Good news if you’re involved in a legal dispute with a monkey. The primate–not you, the other one–lacks standing to sue.
That’s the short answer in a long opinion from the 73rd Judicial District Court in Bexar County, Texas in which nine chimps and monkeys sued their keeper.
Ohio State University (OSU) entered into an agreement with Primarily Primates, Inc. (PP), a Texas entity, to transfer ownership of nine chimpanzees and three new world monkeys. In return for PP agreeing to provide lifetime care for the primates, OSU agreed to pay a substantial amount to construct a facility for them and to provide an endowment to help care for them.
After the primates were shipped to PP, two of them died and a third escaped from its cage. A couple months later, attorneys purporting to represent the remaining primates (named Sarah, Harper, Emma, Keeli, Ivy, Seba, Darrell, Rain and Ulysses) filed suit against PP alleging breach of contract.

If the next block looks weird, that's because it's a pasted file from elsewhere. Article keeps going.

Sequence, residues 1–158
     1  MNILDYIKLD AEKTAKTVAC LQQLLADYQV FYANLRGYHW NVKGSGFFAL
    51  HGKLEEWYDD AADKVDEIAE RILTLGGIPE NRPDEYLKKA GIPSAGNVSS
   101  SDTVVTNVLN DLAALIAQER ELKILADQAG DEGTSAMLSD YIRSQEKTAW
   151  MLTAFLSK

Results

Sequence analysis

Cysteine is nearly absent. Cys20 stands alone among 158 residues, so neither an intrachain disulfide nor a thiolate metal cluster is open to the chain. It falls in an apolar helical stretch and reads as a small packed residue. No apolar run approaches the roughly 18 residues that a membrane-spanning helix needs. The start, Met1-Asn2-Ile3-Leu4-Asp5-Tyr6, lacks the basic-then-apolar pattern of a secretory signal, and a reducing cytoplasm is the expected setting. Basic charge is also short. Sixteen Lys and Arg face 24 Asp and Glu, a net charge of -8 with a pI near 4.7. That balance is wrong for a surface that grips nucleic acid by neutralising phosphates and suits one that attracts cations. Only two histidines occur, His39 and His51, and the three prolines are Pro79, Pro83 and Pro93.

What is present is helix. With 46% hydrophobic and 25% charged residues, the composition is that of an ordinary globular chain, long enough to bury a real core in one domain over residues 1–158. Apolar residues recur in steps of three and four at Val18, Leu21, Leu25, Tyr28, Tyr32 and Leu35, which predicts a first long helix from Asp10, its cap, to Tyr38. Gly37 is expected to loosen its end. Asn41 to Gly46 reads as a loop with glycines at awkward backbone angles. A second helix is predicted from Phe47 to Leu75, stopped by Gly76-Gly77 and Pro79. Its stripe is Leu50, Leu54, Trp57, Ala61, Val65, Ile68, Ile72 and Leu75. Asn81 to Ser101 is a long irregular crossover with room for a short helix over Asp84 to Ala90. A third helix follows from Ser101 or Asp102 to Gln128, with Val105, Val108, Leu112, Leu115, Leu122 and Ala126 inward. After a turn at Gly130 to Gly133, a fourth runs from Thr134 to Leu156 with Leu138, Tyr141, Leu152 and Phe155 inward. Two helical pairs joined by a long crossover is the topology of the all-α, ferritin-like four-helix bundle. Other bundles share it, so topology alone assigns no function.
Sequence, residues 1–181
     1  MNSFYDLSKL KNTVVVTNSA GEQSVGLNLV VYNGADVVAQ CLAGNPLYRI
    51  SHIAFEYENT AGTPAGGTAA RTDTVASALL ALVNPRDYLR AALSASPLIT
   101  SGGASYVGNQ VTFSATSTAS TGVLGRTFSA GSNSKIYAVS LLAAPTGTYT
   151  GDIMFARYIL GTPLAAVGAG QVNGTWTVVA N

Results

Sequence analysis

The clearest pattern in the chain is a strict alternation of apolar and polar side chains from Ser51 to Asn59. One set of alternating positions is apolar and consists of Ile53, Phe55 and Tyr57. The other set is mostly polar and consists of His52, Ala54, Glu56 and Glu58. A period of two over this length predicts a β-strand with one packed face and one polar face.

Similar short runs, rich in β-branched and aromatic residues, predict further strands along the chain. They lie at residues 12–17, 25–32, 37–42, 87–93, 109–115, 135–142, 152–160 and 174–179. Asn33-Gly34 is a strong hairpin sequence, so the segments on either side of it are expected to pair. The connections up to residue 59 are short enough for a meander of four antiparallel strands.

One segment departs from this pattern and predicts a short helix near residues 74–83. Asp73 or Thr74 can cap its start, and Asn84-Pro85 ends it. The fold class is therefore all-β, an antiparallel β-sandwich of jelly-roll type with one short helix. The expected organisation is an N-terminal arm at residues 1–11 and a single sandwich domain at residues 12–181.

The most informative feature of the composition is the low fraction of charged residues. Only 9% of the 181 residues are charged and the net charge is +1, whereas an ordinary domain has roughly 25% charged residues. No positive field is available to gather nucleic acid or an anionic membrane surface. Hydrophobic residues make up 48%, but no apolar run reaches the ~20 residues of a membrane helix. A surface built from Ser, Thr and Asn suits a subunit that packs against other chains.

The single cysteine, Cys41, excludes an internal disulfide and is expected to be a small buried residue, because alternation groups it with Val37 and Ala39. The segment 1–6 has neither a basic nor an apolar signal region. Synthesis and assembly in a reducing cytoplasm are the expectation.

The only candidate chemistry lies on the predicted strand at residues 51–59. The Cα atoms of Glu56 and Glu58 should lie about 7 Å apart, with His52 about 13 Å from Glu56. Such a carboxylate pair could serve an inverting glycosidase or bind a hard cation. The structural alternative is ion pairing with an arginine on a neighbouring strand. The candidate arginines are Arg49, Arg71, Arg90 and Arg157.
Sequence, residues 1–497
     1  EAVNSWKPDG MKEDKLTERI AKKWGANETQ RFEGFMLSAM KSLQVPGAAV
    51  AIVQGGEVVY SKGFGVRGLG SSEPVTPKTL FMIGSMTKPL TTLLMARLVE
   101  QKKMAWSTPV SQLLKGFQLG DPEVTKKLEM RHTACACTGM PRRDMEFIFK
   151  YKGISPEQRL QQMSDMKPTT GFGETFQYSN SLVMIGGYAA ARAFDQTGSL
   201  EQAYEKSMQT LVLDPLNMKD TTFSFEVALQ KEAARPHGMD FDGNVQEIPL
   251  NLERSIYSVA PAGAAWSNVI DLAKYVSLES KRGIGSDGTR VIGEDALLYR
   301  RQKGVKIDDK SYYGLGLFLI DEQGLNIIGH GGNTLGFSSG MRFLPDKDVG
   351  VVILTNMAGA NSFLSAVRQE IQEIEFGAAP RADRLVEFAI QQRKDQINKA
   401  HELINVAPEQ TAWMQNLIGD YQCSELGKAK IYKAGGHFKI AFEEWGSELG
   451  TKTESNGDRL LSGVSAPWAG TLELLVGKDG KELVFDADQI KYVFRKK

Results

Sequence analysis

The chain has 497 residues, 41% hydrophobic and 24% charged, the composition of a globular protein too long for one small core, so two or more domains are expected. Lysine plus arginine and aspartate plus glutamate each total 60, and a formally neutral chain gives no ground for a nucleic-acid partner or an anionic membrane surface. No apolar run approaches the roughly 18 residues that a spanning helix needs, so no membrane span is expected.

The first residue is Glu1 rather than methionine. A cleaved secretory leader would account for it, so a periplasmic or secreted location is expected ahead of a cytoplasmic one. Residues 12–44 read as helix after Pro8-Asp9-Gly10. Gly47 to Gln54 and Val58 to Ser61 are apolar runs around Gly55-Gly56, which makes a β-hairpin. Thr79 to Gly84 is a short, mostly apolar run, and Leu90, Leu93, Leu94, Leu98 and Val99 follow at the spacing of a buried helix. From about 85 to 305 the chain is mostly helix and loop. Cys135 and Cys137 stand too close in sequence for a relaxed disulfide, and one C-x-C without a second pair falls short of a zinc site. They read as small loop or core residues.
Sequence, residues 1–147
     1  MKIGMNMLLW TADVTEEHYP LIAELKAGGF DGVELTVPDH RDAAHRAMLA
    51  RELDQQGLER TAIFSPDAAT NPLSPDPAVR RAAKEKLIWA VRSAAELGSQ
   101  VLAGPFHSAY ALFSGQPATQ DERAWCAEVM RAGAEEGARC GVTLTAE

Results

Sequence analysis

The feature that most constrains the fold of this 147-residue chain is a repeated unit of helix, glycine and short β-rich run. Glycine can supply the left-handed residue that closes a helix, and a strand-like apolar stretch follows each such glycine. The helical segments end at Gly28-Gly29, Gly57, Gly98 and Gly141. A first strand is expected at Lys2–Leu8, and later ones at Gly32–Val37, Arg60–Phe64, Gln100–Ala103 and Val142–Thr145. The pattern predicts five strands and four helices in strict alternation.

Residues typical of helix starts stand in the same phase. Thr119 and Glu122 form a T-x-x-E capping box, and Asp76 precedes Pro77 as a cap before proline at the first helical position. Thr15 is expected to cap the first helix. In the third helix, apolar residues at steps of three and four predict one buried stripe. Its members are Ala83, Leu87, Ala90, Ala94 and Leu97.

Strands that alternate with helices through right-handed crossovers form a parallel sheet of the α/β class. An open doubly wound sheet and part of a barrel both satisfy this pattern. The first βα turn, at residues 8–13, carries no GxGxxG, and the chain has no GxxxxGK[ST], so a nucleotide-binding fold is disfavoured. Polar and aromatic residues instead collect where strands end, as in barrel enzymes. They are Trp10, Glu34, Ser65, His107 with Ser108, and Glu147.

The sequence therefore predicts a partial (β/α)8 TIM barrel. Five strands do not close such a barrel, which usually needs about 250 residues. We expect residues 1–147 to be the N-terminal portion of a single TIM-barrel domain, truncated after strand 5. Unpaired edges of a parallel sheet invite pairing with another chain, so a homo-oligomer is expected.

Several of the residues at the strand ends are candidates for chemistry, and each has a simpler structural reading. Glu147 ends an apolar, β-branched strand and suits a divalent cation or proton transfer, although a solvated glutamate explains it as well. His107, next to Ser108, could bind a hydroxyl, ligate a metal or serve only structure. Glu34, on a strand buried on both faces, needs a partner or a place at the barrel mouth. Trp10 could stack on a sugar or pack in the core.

But the court held the monkeys did not have standing to bring suit and affirmed the trial court’s dismissal of the action. Adding three humans as “interested parties” didn’t help save the monkeys’ case.
Hope those monkeys and chimps are okay.
Meanwhile, Senior Judge James Barlow, San Antonio, TX, longtime supporter of lawhaha.com, commented in a letter that he “did not think we should encourage making Texas the dumping ground for a bunch of Yankee chimps to start with.” But, he added, that was a policy question.
— Sarah v. Primarily Primates, Inc., 255 S.W.3d 132, 135–36 (Tex. App. 2008). Thanks to Judge Barlow.